Casino Self-Ban Bill Advances in New Jersey Assembly
A casino self-ban bill advanced in the New Jersey Assembly with a unanimous 77-0 vote on Thursday. If the bill became a law, New Jersey gamblers who signed up for a voluntary self-exclusion list would not have to admit they are a problem gambler to do so.
Self-exclusion lists are popular in jurisdictions around the globe in which gambling is licensed and regulated in the state. When a player signs up for such a listing, they can have themselves banned from either land-based casino gambling or online gaming altogether. Such bans might last 1 year, 2 years, or 5 years.
Self-Exclusion Avoids Problem Gambling
The idea behind self-exclusion lists is it helps a gambler circumvent the compulsive behavior behind problem gambling. Many gaming addicts describe a compulsion to keep gambling once they start, chasing losses in the hopes of hitting it big and winning back all they lost–and then some. Because the odds are weighted against them, this usually gets them in worst financial trouble. Self-exclusion allows the player to walk away from the table before they ever start, when their adrenaline has not started flowing and while they are still thinking rationally.
The problem with many volunary self-exclusion lists is a requirement by some of them for the gambler to admit they have an addictive gambling problem. Such a provision does not just pose a difficult psychological hurdle for such players. Many gamblers are afraid having such an admission on record could be used against them in the future, either in court cases or on job searches.
Why Players Might Not Sign Up
For this reason, many gamblers who might want to place themselves on a self-ban list refuse to do so. If the bill currently in the New Jersey Assembly passes, then these people would not need to worry whether their inclusion could be used against them later on.
Assemblyman Troy Singleton, a Burlington County Democrat, said the new law would give addicts one more tool for battling their problems and saving their families. “This is simply another option for those who want to exclude themselves from New Jersey’s gaming facilities, but don’t want to concede a problem on an official document they fear may come back to haunt them down the road.”
Removing the Stigma from Self-Banning
Donald Weinbaum of the Council on Compulsive Gambling says the law would take some of the stigma offer the list. Though the current law leaves the 1,526 New Jersey citizens who have already signed up for an exclusion list anonymous, the fact is a record exists in which they admitted to gambling addiction.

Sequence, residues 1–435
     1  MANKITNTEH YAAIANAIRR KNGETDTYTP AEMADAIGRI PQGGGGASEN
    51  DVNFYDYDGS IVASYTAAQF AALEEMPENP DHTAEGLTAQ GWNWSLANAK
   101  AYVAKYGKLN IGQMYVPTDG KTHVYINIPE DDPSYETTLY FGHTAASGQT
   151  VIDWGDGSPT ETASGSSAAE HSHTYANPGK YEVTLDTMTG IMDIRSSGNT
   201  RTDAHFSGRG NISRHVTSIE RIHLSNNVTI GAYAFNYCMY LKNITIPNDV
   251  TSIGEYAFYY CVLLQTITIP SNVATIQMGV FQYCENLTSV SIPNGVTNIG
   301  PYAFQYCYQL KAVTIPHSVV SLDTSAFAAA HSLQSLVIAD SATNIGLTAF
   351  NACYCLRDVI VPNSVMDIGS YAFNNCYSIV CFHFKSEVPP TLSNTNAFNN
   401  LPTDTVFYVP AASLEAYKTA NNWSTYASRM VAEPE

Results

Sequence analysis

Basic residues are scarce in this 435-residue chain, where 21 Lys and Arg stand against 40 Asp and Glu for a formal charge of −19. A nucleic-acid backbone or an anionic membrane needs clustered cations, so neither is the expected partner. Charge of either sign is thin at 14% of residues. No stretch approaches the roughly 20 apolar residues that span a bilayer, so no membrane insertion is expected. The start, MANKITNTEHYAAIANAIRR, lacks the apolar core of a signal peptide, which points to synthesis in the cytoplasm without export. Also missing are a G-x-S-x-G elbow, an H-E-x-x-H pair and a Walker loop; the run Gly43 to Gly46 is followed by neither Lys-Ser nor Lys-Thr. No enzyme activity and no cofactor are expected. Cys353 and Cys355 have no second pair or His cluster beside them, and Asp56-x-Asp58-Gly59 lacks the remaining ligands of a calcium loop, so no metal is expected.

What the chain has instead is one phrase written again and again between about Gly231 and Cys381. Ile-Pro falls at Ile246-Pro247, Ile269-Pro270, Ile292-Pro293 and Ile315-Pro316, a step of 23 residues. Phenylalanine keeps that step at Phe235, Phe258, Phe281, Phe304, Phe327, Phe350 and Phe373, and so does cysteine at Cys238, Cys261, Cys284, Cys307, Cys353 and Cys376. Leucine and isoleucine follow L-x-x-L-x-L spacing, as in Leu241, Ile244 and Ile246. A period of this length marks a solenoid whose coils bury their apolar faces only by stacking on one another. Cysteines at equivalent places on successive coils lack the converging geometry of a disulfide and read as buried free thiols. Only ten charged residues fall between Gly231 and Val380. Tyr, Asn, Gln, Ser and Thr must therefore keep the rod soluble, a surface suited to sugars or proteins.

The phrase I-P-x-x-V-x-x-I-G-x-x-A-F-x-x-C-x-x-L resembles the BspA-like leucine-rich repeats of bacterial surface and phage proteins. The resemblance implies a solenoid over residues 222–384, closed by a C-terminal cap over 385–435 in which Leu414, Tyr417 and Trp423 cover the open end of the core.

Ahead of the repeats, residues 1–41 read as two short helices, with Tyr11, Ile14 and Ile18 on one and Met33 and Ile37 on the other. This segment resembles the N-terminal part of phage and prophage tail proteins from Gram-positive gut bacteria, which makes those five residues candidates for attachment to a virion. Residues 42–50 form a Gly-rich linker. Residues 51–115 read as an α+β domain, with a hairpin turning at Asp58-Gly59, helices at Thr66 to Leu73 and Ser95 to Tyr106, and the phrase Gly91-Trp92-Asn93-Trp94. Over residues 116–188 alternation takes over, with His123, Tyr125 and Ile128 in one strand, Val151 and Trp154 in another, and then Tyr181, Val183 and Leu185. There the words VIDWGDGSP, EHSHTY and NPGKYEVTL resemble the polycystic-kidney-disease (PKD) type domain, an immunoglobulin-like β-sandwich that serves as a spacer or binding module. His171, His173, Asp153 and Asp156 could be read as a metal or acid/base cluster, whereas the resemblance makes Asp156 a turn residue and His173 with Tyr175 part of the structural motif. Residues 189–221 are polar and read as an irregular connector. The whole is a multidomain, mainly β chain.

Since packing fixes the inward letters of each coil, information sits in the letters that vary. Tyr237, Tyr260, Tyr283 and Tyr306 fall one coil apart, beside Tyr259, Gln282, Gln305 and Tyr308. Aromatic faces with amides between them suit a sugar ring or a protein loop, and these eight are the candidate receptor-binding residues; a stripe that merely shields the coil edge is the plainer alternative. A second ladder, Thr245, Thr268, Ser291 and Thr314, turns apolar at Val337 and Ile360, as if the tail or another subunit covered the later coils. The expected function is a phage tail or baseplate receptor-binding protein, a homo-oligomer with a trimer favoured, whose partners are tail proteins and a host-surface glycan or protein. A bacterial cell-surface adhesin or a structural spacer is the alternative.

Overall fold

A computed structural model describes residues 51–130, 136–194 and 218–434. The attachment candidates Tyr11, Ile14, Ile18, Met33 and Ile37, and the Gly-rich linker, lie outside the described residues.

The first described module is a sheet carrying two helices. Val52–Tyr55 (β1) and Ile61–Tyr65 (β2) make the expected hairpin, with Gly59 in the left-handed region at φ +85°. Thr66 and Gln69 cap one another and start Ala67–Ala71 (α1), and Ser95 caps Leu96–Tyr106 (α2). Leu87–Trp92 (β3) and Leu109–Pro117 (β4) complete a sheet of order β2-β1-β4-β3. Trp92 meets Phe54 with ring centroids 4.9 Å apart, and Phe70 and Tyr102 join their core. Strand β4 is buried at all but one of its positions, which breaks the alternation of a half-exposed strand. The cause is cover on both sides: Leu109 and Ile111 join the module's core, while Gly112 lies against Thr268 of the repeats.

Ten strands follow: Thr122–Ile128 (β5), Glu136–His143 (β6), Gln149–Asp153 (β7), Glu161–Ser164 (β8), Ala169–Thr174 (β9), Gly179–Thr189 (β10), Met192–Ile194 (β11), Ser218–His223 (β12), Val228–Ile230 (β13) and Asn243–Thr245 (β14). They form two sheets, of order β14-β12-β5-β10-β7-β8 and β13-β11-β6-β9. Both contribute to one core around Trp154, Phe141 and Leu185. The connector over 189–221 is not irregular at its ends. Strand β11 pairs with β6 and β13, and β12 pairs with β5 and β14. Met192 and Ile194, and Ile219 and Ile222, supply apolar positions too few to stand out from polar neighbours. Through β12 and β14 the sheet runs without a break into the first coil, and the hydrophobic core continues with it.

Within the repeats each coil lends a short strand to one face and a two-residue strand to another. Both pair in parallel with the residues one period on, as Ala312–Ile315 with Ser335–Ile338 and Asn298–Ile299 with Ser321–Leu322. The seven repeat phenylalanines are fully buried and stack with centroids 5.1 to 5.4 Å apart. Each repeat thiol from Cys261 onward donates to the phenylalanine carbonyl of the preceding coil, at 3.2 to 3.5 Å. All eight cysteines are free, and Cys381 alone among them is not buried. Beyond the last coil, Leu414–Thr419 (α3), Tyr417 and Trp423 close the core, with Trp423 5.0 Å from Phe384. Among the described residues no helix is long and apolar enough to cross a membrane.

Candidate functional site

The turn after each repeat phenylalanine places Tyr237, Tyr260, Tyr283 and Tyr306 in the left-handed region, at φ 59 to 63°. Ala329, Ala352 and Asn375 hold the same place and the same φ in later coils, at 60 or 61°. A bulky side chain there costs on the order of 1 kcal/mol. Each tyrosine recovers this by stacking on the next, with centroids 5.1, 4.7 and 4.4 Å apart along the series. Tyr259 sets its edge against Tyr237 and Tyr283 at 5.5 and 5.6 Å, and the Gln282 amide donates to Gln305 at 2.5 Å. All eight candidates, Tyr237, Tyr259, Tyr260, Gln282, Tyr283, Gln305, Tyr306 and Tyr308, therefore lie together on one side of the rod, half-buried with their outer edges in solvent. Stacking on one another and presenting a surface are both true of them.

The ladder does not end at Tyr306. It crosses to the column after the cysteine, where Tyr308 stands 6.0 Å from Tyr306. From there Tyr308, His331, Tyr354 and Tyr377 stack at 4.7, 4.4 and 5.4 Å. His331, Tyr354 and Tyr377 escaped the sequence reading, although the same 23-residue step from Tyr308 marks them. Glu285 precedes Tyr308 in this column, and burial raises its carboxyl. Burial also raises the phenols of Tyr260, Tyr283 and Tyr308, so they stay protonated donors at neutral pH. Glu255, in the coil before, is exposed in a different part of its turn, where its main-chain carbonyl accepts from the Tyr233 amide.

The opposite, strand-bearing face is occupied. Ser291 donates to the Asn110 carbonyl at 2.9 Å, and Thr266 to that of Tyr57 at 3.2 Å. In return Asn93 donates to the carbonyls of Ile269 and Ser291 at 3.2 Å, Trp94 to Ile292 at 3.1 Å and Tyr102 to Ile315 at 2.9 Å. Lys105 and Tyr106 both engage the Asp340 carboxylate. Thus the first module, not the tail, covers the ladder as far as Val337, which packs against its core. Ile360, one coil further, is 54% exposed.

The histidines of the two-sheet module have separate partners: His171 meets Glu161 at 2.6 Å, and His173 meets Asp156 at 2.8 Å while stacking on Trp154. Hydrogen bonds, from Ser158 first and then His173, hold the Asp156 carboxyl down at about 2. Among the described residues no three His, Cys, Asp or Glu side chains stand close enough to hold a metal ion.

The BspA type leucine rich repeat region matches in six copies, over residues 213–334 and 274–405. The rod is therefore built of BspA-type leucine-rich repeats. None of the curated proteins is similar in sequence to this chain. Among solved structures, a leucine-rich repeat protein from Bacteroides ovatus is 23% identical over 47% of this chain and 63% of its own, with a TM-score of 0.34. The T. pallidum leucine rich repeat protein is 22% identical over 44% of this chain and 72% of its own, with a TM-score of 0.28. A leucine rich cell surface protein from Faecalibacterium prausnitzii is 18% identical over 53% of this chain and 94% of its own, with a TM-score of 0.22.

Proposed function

With the self-ban bill in place, no such admissions ever needs to happen again. Troy Singleton added, “Gambling addiction is a disease, and if this can help some people overcome their problem, it’s a step in the right direction.”
To exclude oneself from Atlantic City casino gambling or online gambling in New Jersey, a player must apply in person at the Division of Gaming Enforcemet in either Trenton or Atlantic City. If a sport better wants to excluse himself or herself from pari-mutuel betting on the state’s horse racing, the player must apply at the New Jersey Racing Commission in Trenton. Alternately, the gambler can apply at Race Commission offices at any horsetrack in the state.
Andre Bouchard Appointed to Delaware State Chancery Court
Governor Jack Markell has appointed Andre Bouchard as a judge in the Delaware State Chancery Court, replacing Leo Stine. As a lawyer, Andre Bouchard represented several major clients, including the Disney Corporation, but he is also known for leading Delaware Governor Markell’s push to legalize sports gambling in the state, which would allow Delaware to compete against Las Vegas casino sports books.
Delaware’s Chancery Court is the most active and advanced in the United States, and thus the world. Delaware is the corporate home to more than half of America’s corporation and to 63% of its Fortune 500 companies. The reason many relocate to Delaware is the efficient and fair chancery court, which handles most of the disputes between corporations in the United States. Chancery Court decisions go immediately to the Delaware Supreme Court.
Bouchard’s Legal Fight for Delaware Sports Betting
In 2008, Delaware passed a law that would have allowed Las Vegas style sports gambling in the state. In 2009, a federal appeals court rejected Delaware’s plan to introduce single-game sports betting. Bouchard argued that such betting would not affect sports leagues.
In May 2010, the U.S. Supreme Court upheld the federal appeals court decision, rejecting Delaware’s appeal. The final decision was Delaware could only permit one sort of sports wager: parlay bets on the outcome of 3 or more NFL games.
Having a pro-gambling lawyer sitting the bench in Delaware should be seen as a small gain for the gambling industry. Delaware and Nevada are set to move forward with a joint iPoker gaming compact, hoping to build a multistate cartel of online poker operators. Among his other former clients are Disney Corporation, Bloomberg News, Oracle Corps, and Prime Hospitality Group Corp.
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